Perhaps I should say, “Who Are You? Periodically I wrestle with the terms adopted to describe a certain category of woodworking and then other crafts generally too. Somehow it’s an effort to slot people into a more suited category, you know, to match their skill sets. On the one hand you have professional and master […] Read the full post What Are You? on Paul Sellers' Blog. ... read more
    Source: Paul Sellers’ BlogPublished on 2019-03-13
  • Baritone Ukulele Completed
    As I’ve been applying Tru-Oil ( one coat a day) to Dave’s e-mando, I thought it a good time to finally complete the baritone uke that I started about 6 years ago! As I’ve said before, my baritone ukes are just not economically viable to build any more. It’s very much built as a small classical guitar; fan-braced, dovetail neck joint, double hole bridge etc. and takes almost as much time to build as a guitar. So, as this instrument ... read more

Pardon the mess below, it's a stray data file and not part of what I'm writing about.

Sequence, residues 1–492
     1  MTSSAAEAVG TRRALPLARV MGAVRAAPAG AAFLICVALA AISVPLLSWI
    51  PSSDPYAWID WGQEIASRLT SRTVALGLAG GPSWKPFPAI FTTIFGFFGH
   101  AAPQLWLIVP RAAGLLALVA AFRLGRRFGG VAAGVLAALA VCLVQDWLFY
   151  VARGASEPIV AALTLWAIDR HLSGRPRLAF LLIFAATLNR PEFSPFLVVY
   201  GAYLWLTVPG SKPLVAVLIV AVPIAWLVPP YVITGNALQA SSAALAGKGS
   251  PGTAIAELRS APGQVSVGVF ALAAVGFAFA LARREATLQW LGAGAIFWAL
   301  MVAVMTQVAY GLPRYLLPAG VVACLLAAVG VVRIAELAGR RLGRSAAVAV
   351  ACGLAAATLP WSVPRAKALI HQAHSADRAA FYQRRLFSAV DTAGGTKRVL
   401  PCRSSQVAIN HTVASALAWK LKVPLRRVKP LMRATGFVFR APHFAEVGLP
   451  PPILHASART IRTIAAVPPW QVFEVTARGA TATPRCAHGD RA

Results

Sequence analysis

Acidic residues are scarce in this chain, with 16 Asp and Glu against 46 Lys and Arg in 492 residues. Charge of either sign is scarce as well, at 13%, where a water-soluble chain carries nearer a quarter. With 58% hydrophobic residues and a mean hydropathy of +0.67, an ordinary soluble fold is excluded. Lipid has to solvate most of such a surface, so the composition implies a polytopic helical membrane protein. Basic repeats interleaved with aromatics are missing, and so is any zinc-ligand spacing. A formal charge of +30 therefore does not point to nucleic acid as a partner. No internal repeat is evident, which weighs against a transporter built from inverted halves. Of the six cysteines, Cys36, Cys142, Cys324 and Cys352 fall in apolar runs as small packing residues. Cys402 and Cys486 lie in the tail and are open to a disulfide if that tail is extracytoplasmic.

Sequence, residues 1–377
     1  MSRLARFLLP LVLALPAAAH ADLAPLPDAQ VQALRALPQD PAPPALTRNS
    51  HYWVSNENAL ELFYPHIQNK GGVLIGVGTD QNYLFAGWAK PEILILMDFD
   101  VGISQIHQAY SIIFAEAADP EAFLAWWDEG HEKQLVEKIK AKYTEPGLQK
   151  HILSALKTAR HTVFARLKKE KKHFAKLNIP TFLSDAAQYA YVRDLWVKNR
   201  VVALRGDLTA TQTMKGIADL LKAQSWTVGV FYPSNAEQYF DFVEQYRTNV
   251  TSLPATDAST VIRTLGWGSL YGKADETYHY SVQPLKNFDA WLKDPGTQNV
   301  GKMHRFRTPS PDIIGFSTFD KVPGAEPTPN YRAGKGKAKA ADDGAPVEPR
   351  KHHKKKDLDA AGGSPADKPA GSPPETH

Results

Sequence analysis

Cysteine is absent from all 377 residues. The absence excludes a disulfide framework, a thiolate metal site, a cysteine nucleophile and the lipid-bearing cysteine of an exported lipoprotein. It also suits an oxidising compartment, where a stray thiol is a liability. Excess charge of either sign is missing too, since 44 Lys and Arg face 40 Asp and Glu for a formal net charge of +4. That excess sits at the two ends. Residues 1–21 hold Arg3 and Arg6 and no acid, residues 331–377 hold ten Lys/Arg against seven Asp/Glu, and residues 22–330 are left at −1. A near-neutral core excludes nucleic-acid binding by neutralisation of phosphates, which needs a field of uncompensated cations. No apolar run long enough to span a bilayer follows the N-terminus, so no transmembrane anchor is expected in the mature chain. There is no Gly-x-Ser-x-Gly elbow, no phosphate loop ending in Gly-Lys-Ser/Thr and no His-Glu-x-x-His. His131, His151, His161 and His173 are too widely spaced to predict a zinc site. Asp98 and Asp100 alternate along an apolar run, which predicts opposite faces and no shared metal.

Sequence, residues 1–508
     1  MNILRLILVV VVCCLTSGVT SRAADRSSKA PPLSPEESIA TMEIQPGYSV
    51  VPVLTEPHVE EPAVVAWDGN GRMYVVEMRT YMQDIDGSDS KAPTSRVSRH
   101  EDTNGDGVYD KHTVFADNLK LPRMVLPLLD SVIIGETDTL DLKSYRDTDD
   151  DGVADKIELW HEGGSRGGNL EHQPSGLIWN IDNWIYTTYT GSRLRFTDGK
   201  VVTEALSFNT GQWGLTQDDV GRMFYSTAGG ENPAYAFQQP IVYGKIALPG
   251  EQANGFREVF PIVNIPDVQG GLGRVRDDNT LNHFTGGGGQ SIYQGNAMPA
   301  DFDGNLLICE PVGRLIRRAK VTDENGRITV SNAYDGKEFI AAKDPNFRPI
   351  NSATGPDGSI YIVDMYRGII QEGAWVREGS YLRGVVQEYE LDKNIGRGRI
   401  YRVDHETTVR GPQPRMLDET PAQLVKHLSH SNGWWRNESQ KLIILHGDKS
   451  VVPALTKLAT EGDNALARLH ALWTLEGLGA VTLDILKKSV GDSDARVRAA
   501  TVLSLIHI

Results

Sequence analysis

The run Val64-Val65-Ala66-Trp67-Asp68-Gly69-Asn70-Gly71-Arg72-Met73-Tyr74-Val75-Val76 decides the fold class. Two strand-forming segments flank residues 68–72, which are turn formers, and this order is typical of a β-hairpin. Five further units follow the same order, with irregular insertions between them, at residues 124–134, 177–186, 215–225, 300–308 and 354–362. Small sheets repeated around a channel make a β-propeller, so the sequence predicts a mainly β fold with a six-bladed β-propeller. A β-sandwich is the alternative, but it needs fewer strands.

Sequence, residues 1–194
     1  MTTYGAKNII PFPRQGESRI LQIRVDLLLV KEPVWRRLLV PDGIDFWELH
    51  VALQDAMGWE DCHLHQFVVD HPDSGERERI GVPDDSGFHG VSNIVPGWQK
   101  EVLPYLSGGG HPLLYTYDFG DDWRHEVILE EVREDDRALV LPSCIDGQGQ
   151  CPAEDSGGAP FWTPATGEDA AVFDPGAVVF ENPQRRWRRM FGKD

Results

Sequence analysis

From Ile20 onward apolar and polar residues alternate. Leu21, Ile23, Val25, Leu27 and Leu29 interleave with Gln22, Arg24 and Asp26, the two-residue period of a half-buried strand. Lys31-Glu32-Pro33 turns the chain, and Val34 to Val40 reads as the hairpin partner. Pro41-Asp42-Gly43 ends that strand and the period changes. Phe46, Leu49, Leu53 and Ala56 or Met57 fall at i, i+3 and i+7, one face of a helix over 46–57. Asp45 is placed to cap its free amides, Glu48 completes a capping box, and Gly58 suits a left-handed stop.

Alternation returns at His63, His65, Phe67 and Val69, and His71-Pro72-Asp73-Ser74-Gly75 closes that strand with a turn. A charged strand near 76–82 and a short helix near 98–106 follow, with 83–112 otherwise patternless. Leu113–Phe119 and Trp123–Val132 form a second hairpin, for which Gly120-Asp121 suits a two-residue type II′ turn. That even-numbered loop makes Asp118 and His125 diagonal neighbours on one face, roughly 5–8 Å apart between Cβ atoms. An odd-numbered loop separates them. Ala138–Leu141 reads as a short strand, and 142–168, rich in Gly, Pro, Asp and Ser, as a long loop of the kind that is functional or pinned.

Source: A Luthier’s BlogPublished on 2019-03-13
  • Woodworking with the Young Woodworker
    Ever thought about having your child join you in your shop but don’t know where to begin? Glenn Palmieri offers a few good tips to keep in mind if you want to get your kids started in woodworking in this article published in the March edition of Wood News Online. The post Woodworking with the Young Woodworker appeared first on Woodworking Blog. ... read more
    Source: Highland Woodworking BlogPublished on 2019-03-13
  • Japanese Toolbox-Style Humidor